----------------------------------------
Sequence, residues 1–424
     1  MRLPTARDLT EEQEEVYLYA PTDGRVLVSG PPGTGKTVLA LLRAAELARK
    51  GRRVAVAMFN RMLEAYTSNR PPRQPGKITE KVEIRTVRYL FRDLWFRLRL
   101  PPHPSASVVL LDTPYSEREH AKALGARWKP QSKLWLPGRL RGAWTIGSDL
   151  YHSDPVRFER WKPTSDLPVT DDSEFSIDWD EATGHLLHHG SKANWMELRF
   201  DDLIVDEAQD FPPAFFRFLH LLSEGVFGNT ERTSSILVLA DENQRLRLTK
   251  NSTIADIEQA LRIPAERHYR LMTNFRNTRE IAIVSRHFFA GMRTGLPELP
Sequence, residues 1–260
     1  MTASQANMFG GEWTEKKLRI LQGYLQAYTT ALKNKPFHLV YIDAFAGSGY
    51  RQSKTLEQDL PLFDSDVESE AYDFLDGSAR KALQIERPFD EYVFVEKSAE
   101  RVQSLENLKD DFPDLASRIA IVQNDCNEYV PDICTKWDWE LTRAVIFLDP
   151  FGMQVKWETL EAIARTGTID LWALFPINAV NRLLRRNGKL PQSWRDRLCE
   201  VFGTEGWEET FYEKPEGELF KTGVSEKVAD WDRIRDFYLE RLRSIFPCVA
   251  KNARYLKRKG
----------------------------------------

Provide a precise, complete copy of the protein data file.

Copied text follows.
Sequence, residues 1–424
     1  MRLPTARDLT EEQEEVYLYA PTDGRVLVSG PPGTGKTVLA LLRAAELARK
    51  GRRVAVAMFN RMLEAYTSNR PPRQPGKITE KVEIRTVRYL FRDLWFRLRL
   101  PPHPSASVVL LDTPYSEREH AKALGARWKP QSKLWLPGRL RGAWTIGSDL
   151  YHSDPVRFER WKPTSDLPVT DDSEFSIDWD EATGHLLHHG SKANWMELRF
   201  DDLIVDEAQD FPPAFFRFLH LLSEGVFGNT ERTSSILVLA DENQRLRLTK
   251  NSTIADIEQA LRIPAERHYR LMTNFRNTRE IAIVSRHFFA GMRTGLPELP
Sequence, residues 1–260
     1  MTASQANMFG GEWTEKKLRI LQGYLQAYTT ALKNKPFHLV YIDAFAGSGY
    51  RQSKTLEQDL PLFDSDVESE AYDFLDGSAR KALQIERPFD EYVFVEKSAE
   101  RVQSLENLKD DFPDLASRIA IVQNDCNEYV PDICTKWDWE LTRAVIFLDP
   151  FGMQVKWETL EAIARTGTID LWALFPINAV NRLLRRNGKL PQSWRDRLCE
   201  VFGTEGWEET FYEKPEGELF KTGVSEKVAD WDRIRDFYLE RLRSIFPCVA
   251  KNARYLKRKG